Also – I am sorry but if you have an emergency, typing message with a 4-way pad is moronic. What if you are injured, with limited abilities? It makes more sense to choose amongst preset messages (1 – I fell 2 – Need food 3 – here’s my gps location and heart rate, as measured by my Garmin watch etc. + your own preset messages)
The hardware set on these are COMPLETELY different than what’s a Fenix__ (pick any Fenix). These require a 2-way Satellite communications platform, something the Fenix does not and could not have (without it being the size of an original Forerunner — even that that would be questionable).
Send with what? Over what?
The trick with these is that they have satellite coverage. I guess you could pair your Fenix with a satellite phone (at least theoretically, don’t know if satellite phones come with bluetooth) but then you would have to take two things along – and power them.
For anyplace with cellular coverage these are overkill, true.
Heri, these use the IRIDIUM satellite network for two-way communications coverage basically *anywhere* in the world. Also, I’m pretty sure there are preset messages, as unlimited preset messages are included in all of the various plans. Maybe Tyler or Ray can clarify?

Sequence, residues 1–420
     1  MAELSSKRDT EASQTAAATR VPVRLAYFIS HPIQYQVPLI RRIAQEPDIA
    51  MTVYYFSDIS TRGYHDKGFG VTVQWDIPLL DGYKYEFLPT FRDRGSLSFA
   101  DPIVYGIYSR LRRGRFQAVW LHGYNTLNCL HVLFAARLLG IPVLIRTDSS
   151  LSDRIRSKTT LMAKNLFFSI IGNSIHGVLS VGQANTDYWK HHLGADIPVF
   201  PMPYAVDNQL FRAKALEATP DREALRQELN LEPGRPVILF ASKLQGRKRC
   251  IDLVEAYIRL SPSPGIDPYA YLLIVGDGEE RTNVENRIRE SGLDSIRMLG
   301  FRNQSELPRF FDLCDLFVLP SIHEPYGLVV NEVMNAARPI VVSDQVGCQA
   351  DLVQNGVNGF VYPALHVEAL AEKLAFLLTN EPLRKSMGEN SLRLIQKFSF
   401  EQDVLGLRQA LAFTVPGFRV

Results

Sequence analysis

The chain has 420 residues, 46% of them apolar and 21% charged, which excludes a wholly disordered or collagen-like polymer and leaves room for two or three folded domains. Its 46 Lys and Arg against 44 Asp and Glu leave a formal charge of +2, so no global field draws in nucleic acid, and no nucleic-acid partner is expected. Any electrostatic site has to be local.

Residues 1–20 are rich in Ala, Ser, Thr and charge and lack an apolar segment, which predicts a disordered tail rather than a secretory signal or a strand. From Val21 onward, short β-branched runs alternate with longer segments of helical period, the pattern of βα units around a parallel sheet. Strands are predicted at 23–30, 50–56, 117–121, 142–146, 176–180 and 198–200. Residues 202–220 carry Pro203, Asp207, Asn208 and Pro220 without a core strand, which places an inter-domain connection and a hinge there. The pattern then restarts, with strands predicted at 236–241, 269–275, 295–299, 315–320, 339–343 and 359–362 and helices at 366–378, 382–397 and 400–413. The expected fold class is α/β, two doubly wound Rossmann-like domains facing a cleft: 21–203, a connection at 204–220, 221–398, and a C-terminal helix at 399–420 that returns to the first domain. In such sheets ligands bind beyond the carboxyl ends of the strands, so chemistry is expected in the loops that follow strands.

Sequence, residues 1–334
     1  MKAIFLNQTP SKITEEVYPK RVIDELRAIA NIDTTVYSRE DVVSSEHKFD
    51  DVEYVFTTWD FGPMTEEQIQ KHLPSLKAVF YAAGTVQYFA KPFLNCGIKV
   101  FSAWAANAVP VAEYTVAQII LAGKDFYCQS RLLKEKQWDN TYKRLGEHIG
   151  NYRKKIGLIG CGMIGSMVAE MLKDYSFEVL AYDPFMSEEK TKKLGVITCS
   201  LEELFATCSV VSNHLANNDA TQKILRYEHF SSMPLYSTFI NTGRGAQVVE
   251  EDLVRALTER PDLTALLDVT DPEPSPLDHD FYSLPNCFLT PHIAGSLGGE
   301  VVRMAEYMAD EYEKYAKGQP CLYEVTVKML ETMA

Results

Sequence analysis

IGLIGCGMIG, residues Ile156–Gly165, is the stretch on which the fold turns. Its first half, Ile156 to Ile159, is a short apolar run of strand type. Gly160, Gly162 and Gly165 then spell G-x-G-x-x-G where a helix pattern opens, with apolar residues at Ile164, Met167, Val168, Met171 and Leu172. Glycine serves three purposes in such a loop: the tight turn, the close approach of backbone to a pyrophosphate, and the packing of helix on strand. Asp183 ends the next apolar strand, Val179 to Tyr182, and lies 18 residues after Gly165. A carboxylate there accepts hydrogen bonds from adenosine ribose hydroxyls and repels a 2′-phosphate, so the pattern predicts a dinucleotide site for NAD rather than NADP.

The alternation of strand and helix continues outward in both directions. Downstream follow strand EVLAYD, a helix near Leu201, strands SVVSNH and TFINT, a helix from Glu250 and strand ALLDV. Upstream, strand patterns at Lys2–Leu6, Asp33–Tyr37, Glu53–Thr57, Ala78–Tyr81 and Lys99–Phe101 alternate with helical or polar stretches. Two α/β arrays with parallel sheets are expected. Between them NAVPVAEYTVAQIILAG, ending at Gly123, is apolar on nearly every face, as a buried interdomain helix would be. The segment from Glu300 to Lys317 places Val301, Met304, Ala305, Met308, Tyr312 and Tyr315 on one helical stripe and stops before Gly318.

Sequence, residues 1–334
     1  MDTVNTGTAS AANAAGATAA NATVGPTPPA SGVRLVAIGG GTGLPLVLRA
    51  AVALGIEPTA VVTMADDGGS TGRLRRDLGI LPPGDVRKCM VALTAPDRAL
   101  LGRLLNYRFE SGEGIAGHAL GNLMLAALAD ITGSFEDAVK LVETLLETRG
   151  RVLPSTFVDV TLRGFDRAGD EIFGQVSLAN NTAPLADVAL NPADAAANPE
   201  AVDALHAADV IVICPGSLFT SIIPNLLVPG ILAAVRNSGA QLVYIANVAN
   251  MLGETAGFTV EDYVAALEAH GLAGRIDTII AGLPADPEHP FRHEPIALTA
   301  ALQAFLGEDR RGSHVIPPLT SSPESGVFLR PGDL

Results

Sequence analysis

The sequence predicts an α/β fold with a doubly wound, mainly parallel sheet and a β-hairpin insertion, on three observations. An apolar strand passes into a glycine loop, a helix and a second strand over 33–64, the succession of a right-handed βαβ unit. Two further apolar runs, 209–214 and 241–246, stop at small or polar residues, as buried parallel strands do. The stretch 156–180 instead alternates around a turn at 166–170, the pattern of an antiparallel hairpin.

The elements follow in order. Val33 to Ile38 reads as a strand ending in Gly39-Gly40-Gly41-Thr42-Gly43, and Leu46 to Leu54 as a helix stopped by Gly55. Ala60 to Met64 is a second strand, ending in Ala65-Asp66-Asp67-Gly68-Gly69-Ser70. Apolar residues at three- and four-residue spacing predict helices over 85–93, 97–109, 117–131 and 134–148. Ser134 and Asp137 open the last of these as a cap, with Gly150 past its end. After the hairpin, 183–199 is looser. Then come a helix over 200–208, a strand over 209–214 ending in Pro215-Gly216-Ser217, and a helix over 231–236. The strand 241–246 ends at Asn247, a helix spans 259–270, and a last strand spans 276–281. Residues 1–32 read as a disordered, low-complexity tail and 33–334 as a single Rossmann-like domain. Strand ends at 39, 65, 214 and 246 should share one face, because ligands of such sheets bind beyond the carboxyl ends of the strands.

Obviously the Fenix wouldn’t have the hardware capabilities to communicate with the sattelites. But how about a minimal version of one of these with no GPS or display. Keep it as small and minimal as possible and use your phone, Fenix, FR, Edge as the display & GPS.
Anybody know if this supports CIQ?
These are for off-the-beaten-track explorations, not for keeping up with sports-related data. I bought a previous device from DeLorme for a trip from China to Uzbekistan in 2015, and it worked great from everywhere; from cities like Samarkand to the Gobi desert. Also, at least with my model, the navigating was pretty limited but I used the unit for what it was designed for: keep track of my route and occasionally send short messages to my family to let them know where I was. There are preset messages and you can save your own to the unit, with preset recipients to make things easier in case of emergency. All in all it was very reassuring knowing I could contact someone in case things went sour.